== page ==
Have you ever binge watched a TV series or read a book series just as the most recent season or volume hits, only to be left waiting for that final chapter? That is exactly where I have been left after reading the second volume of The Telverin Trilogy by A.R.K. Horton, Flirting With the Tempest (thankfully the third volume, Racing With the Serpent, is scheduled for release in a matter of months, on 31 July, 2021).
I am writing this review mere days after I wrote my review for Struggling with the Current (you are just seeing this review now, thanks to internet magic called “scheduling”), taking time between the novels to parse my thoughts about the first, write my review and jump right back in to the world of Telverin. Unlike many second instalments in trilogies, Flirting With the Tempest avoids the middle entry trap of stalling for time before you get to the story.
Slightly longer than its predecessor, this sophomore effort totals 332 pages on Kindle, or 354 pages in the paperback version. The length feels appropriate for the novel’s story, and while I binged book one in three sittings, I finished Flirting With the Tempest in just two of them. While there has been no structural change to Horton’s writing, the continuation of Eya’s adventure is a gripping read.
Not only does Flirting With the Tempest expand upon Eya’s story, it continues to build the world of Telverin and expand upon the characters introduced in the first novel, while introducing new characters throughout. As with the original, the cast is lively and colourful, each of them adding to the story and fleshing out Eya’s world.
The author’s style carries over from the original novel, so if you are a fan of her prose from it, rest assured that there will be no nasty surprises (aside from the plot’s twists and turns). However, Horton’s writing feels more assured this time, and confident in its ability to tell the story. This results in a reading experience that is more fluid than Struggling With the Current, creating and maintaining a flow that eases the reader from one scene to the next. This entry also feels more mature as it grows with Eya through her adventure of self-discovery.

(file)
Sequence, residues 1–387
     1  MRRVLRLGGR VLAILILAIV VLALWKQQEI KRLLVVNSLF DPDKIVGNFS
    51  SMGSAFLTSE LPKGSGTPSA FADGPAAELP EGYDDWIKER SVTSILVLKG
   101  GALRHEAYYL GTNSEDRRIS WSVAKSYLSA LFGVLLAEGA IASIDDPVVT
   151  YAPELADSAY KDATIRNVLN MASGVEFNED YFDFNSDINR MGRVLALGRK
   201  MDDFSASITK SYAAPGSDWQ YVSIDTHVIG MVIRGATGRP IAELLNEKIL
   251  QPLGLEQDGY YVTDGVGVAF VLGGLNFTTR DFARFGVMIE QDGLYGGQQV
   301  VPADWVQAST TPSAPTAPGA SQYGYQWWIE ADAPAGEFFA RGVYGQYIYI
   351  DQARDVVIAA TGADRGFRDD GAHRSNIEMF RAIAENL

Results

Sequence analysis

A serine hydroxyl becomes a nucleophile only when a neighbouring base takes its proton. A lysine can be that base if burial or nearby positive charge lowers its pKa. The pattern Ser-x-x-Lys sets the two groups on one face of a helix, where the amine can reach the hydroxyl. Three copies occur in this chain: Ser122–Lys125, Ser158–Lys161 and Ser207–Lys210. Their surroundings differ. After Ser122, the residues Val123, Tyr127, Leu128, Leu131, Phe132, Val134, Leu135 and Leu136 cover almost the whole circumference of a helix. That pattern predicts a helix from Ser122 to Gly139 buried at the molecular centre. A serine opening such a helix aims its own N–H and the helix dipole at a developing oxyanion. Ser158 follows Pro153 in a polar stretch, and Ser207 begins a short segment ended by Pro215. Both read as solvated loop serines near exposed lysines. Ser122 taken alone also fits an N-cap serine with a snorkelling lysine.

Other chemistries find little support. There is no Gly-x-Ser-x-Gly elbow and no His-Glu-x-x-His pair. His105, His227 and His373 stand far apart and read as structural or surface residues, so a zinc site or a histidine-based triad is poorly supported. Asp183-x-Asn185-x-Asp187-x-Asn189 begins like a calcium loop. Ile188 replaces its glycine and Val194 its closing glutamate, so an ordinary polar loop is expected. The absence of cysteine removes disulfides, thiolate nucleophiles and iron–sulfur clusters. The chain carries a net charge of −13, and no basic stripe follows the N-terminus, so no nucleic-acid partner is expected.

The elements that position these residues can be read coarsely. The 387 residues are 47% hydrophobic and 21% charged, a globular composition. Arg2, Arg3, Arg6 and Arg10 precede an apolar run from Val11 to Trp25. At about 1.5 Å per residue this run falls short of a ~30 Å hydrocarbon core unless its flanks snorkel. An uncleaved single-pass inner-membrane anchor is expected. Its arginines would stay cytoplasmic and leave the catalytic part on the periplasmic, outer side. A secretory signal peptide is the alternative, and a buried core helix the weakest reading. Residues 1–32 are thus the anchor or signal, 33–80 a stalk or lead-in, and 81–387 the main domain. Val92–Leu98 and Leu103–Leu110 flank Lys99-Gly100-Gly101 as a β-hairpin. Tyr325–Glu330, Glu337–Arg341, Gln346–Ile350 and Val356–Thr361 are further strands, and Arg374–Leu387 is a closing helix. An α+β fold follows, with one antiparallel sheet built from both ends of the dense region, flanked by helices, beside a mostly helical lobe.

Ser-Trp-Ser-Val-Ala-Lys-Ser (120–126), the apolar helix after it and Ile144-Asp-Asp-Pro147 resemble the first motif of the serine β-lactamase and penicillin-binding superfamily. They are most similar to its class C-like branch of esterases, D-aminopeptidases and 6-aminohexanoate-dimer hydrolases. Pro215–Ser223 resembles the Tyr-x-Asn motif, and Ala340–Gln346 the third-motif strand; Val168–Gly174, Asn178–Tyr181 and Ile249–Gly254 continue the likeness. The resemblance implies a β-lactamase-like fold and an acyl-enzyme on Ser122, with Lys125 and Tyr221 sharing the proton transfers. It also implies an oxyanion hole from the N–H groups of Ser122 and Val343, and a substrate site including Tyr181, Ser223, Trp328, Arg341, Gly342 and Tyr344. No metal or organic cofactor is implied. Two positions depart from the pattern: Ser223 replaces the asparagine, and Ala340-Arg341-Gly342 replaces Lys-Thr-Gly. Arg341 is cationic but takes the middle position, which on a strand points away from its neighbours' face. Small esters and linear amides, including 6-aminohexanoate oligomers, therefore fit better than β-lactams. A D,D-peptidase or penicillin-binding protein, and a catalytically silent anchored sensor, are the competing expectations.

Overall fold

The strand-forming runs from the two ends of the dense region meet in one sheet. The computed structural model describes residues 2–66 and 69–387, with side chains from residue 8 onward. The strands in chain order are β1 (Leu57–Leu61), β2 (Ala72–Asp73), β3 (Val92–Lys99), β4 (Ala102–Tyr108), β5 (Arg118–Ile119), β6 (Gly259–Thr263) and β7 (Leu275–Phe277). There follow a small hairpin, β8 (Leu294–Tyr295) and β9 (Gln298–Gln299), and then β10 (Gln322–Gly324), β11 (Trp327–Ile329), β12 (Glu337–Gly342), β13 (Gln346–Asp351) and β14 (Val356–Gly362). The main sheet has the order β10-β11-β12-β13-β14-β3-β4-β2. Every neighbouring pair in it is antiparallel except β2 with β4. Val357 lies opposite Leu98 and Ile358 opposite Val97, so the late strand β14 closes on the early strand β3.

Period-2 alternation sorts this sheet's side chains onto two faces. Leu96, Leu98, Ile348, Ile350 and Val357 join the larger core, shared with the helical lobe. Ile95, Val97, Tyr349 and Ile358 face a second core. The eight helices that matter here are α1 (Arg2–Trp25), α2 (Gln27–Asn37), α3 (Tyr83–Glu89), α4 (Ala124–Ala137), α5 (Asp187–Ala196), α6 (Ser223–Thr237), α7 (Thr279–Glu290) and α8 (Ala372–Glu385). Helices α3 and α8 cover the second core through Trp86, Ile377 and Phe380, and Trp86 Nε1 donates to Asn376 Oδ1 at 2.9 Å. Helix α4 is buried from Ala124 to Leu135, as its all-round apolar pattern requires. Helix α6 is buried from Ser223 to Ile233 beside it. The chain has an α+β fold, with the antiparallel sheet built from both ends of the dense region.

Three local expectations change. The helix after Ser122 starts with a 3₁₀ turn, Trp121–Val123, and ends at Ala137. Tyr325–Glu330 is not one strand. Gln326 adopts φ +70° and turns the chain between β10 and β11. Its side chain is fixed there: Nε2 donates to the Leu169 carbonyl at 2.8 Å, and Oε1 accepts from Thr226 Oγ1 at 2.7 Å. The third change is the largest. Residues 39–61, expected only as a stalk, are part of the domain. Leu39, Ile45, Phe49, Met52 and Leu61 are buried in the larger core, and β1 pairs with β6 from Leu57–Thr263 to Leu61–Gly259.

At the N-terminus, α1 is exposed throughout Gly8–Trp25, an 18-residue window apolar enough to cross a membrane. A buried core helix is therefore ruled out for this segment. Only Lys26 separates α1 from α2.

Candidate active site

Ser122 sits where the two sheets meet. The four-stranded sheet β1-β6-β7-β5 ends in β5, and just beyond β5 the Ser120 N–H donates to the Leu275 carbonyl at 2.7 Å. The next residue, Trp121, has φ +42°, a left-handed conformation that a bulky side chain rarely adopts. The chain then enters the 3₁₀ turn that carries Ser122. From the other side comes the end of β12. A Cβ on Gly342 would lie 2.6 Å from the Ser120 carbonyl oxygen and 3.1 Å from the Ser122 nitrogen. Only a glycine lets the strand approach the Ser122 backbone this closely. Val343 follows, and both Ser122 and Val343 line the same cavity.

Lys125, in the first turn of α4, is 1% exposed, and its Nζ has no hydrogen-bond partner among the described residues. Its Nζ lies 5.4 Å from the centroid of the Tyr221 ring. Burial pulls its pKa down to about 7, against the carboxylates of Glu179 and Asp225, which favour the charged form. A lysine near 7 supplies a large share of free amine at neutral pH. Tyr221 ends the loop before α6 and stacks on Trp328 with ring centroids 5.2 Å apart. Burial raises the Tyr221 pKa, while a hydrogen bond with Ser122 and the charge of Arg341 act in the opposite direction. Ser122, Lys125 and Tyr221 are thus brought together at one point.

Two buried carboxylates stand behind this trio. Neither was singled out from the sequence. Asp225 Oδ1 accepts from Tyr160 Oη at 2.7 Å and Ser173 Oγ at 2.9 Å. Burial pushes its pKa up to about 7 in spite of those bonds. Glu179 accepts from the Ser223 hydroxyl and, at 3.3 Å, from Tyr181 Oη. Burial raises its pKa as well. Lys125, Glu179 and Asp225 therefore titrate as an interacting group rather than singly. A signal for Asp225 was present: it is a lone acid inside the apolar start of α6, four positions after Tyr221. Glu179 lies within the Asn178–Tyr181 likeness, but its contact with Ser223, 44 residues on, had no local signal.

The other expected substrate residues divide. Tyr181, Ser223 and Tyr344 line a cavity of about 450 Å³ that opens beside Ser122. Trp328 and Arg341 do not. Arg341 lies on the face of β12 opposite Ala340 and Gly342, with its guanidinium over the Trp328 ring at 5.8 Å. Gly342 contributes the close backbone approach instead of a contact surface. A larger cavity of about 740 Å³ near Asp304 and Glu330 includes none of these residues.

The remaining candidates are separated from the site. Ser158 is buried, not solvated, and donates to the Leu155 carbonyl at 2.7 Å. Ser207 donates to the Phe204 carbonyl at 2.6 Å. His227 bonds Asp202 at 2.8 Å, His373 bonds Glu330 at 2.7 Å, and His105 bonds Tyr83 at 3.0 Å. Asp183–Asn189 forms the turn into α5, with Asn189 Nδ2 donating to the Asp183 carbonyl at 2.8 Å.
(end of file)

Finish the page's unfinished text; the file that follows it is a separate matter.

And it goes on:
While I would describe Flirting With the Tempest as an improvement upon Struggling With the Current, I would not suggest reading this in lieu of its predecessor. This is firmly part of a trilogy, and while being a satisfying tale in its own right, it is definitely the second chapter in a larger narrative. While the story does make sure it gets the reader is up to speed regardless of whether they’ve read the first book, it can’t replicate the full history and emotions included in the first one.
Opening the novel mid-conversation as the characters discuss Eya, Horton immediately draws the reader in to the story, providing an indication about the scope of this subsequent entry. Following this, Horton brings the reader along for a ride through Telverin in a tale that twists and turns and has you feeling for Eya and those around her. Like Struggling With the Current before it, Flirting With the Tempest tells a story about family and friendship, but more than that about love, building on these themes in a book that is both a natural progression from, and an improvement upon, the first. I am looking forward to locking my eyes upon Racing with the Serpent.
Though Summer would arrive any day, a cold rain chilled the camp to their drenched bones. The suctioning plops of Kandumes feet on mud grated on Cefa. The whole base smelled like wet horse dung, and it was putting her off her oats, which the nuts hadn’t made any better. It was if, instead of adding flavor to the oats, the oats caused the nuts to become bland. She crunched on it morosely, under a makeshift shelter by the cauldron, while she watched the Pescelean prisoner ogle Eya.
Flirting With the Tempest was provided by the author for the purposes of an honest review.
Flirting With the Tempest is available in both physical and eBook forms from book retailers (including—but not limited to—Amazon). Signed copies are available from the author’s website.
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